History from the Dustbins

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In this essay, I reflect on the growing political obstacles to doing business history in China and how, in my doctoral dissertation research, I attempted to overcome them. More specifically, I discuss how I drew on unconventional historical sources and novel data to examine the relationship between informal entrepreneurial activity and economic change in Maoist China (1949–1978). Through the quantitative analysis of thousands of case files of individuals prosecuted as “speculators and profiteers”—discarded administrative documents that were recovered from Chinese flea markets—I reassessed the scale and scope of informal entrepreneurial activity in Maoist China. I then went on to triangulate these data with evidence found in other sources to illustrate how, over time, informal entrepreneurial activity became more collusive, encompassing, and impossible to contain. Ultimately, I argued that China’s “Reform and Opening Up” was not the state-led watershed event that it is often made out to be; rather, economic and institutional change was, at least partly, the result of a bottom-up transformation, decades in the making. This essay thus suggests that the use of unconventional sources and mixed methods presents opportunities both for doing research in contexts where history is being actively securitized and for producing countervailing narratives that decenter the state.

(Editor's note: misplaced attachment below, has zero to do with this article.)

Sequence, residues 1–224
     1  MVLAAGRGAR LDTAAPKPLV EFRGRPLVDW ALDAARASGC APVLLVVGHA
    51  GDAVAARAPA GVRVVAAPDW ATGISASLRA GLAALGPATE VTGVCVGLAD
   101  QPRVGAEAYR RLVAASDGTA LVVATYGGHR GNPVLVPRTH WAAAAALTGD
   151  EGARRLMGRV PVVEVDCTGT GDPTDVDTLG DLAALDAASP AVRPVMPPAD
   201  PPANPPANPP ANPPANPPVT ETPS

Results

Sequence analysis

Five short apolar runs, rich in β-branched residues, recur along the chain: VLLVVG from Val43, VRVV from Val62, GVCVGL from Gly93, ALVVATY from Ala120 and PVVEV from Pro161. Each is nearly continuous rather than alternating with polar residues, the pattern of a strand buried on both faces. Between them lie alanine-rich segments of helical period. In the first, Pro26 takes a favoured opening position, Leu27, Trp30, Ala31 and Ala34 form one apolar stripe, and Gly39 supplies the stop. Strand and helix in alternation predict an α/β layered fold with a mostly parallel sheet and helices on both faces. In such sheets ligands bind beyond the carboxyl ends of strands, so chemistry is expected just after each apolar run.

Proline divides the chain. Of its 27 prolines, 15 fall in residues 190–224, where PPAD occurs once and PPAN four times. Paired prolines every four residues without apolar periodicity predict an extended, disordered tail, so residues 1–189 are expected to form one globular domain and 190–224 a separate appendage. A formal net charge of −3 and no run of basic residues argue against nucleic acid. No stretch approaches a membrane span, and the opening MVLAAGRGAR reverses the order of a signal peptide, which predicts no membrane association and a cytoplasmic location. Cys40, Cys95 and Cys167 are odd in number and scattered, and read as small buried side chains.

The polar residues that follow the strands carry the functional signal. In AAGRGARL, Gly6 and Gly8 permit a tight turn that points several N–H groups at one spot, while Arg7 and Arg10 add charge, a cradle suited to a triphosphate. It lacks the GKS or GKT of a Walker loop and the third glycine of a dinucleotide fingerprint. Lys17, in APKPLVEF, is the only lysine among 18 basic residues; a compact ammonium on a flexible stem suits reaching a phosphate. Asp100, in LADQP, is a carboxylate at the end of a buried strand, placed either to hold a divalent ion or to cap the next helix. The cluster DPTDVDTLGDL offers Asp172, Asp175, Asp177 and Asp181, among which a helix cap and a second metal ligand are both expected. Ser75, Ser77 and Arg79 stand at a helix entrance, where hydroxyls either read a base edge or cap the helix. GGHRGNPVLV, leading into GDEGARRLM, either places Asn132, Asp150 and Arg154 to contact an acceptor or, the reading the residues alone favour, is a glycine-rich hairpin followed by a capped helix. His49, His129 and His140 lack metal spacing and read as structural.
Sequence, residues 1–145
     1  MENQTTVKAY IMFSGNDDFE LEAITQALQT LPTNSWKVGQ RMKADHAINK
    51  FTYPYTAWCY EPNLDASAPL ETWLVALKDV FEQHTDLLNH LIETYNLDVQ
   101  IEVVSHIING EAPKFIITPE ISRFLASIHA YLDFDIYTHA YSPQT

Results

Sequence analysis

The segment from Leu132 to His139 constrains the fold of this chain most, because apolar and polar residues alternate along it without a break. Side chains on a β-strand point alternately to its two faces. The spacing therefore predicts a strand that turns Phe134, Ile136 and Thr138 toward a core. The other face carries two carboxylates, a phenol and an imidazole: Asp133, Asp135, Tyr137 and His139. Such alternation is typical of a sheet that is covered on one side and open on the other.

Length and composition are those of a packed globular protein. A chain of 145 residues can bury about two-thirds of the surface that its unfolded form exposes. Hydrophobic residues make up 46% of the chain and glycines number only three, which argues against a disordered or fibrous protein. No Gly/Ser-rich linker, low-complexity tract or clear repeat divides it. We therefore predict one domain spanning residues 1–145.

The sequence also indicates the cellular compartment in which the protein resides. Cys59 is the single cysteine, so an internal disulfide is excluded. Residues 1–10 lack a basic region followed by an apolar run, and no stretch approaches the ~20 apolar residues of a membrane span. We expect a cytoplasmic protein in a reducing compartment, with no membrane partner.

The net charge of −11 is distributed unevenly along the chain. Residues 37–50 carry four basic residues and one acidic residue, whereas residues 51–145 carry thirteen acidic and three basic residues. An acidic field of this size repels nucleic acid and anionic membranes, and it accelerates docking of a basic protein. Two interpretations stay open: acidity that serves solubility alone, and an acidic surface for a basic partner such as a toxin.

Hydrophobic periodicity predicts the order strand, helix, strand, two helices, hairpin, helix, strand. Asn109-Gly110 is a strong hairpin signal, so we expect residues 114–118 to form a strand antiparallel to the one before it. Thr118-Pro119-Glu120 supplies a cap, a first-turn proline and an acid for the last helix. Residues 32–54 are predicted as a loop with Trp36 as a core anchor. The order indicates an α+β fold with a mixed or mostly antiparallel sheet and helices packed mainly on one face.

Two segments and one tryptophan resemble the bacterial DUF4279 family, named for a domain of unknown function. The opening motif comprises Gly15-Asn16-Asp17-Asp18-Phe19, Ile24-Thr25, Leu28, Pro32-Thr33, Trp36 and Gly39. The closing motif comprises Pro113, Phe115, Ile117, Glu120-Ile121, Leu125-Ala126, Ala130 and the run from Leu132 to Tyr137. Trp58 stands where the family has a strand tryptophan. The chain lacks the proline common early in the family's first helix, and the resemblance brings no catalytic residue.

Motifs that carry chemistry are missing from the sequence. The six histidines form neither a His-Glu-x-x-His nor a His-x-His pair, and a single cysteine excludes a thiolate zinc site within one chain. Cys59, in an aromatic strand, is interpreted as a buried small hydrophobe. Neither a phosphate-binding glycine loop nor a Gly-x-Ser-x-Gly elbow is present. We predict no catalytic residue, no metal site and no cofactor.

Original languageEnglish
JournalEnterprise & Society
Issue number4
Pages (from-to)965-976
Number of pages12
Publication statusPublished - Dec 2023

Bibliographical note

Published online: 16 November 2023.


  • China
  • Entrepreneurship
  • Informal economy
  • Economic development

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